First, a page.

Make Your Homestead Bright

 ADHD Weekly December 6, 2018

The holiday season is here, again. The big questions (“which traditions do we want to celebrate and continue?”) have been answered. It’s the little things that are snowballing that need to be addressed now. Such as cleaning the house.

“There’s lots of stress around the holiday crunch, of course. And with ADHD, there may also be problems with multitasking, keeping organized, staying focused on details, and ignoring distractions,” says Larry Maucieri, PhD, ABPP-CN, who writes about relationships for Psychology Today. “The holiday season also disrupts the structure and predictable routines that are often helpful for folks with ADHD. So it’s easy to feel out of your element.”

Keep in mind what this season truly means to you and your family. And keep your plans simple to focus on those meanings, rather than outside pressures.

“It is important to take time to reflect on what your intentions are for the upcoming holiday season, and to think about how you can minimize anxiety or pressure associated with the festivities, and better tap into the true spirit associated with these events,” writes Azadeh Aalai, PhD, also in Psychology Today.

Your holiday home

Maintaining a home is such a big project that a few generations ago most families had a full-time home manager. Today, it is common that both the adults in a family work outside the home, putting a squeeze on home management and holiday planning. The challenge can still be met, even with ADHD in the mix.

Develop routines. Many people with ADHD use the system created by Marla Cilley, known as the FlyLady. So named for her love of fly fishing, FlyLady is all about taking baby steps to tackle what needs to be done and setting routines to help life go more smoothly. She explains how to develop a routine using what she calls The Holiday Control Journal to tackle the season and the rest of the year. Her routines and control journals work well for anyone affected by ADHD. Since you design your own routine with her guidance, it will fit the needs of your life.

Make a plan. Scout your dwelling and note what needs the most work, what needs the least work, and the best hiding places for stuff. (Cramming things under the bed is one option, but only for quick cleanings during the holidays.)

Set the timer. Once there is a plan, set the kitchen timer for five, ten, or fifteen minutes. Then attack the first room. Pick up, put stuff away, clear out of sight. When the timer dings, reset it for the next room, whether the first is done or not. Repeat the process in the second room. Ding; same for the third. Set the timer again, grab something to drink or nibble, and sit. Rest for the fourth round. Ding, and you’re back to the first room. Repeat until each room is picked up, dusted, and vacuumed and any additional scrubbing is completed. Breaking it up over a couple days or a week is a good thing, too.

Handy tips. Leave a second garbage bag at the bottom of the pail, under the current one. That way you have one handy in a pinch without having to hunt for it. Keep one extra of whatever—laundry soap, can of soup, package of paper towels—on hand. Don’t fill your cupboards with more than you need, but make sure you have a back-up at the ready so you don’t lose your stride. Keep all cleaning supplies together—a mop bucket makes a great container for everything so you can move from room to room quickly. Also, if you use an item in a room, find a place for it to live in that room. That goes for brooms (kitchen pantry), vacuums (living room closet), laptop computers, and accessories (family room entertainment center), and tablecloths (dining room china cabinet). This works well with cleaning supplies, too (though if there are small children in your life, keep them up high in a cabinet).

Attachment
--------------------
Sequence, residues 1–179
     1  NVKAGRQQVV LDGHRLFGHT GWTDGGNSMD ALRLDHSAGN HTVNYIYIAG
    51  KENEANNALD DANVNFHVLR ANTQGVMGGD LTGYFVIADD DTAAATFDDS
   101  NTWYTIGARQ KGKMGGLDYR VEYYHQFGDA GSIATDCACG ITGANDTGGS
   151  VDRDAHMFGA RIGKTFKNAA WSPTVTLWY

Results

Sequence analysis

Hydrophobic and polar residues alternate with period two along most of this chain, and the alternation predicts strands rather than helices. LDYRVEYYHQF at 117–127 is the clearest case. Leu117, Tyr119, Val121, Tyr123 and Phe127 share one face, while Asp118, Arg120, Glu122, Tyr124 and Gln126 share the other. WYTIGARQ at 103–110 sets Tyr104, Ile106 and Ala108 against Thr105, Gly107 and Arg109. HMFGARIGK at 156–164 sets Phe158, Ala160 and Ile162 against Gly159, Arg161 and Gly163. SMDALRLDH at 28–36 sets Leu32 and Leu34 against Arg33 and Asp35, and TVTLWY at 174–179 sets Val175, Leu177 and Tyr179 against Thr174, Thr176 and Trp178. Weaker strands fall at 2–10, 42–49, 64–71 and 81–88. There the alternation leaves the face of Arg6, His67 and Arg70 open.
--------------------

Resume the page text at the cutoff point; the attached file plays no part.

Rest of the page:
Suggestions from adults with ADHD

Get out of having the celebration at your house. Consider co-hosting family events at another relative’s house. Make running lists—notebooks and personal data assistants are great for this. Make a list for everything from groceries to library books, and keep lists in one place for easy reference.

Limit your number of guests. A dinner party of six is more manageable than twenty-six. Since this is a holiday season, make use of the time by having two small dinner parties with different guests or host one intimate party and then gather the larger group at a favorite restaurant.

Call your favorite grocery store and ask about its holiday meals. Many prepare the entire meal at a reasonable cost. Order ahead, pick it up the morning of your holiday meal—and serve in your own dishes!

Online shopping is good. If the online store includes gift-wrapping, go for it! Have gifts sent to their recipients rather than to you. One wise reader pointed out that wrapping gifts as soon as you get them helps to avoid the 3 a.m. crunch before the big day.

“Change the expectations so the holiday works for you, not the other way around,” one reader suggests.

If all else fails

One reader once told us that he had a stack of newspapers piling up in the dining room, evidently for a couple of years. With company soon to arrive, he struck upon a plan. He placed a board across the tops of the piles and draped a holiday tablecloth over it. The piles were successfully hidden and the set-up “didn’t look bad, really,” he says.

Except that it stayed that way for another four years before finally being cleared away.

A version of this originally appeared in Attention magazine, December 2007.

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Join the discussion: What do you suggest to make this season merry and bright?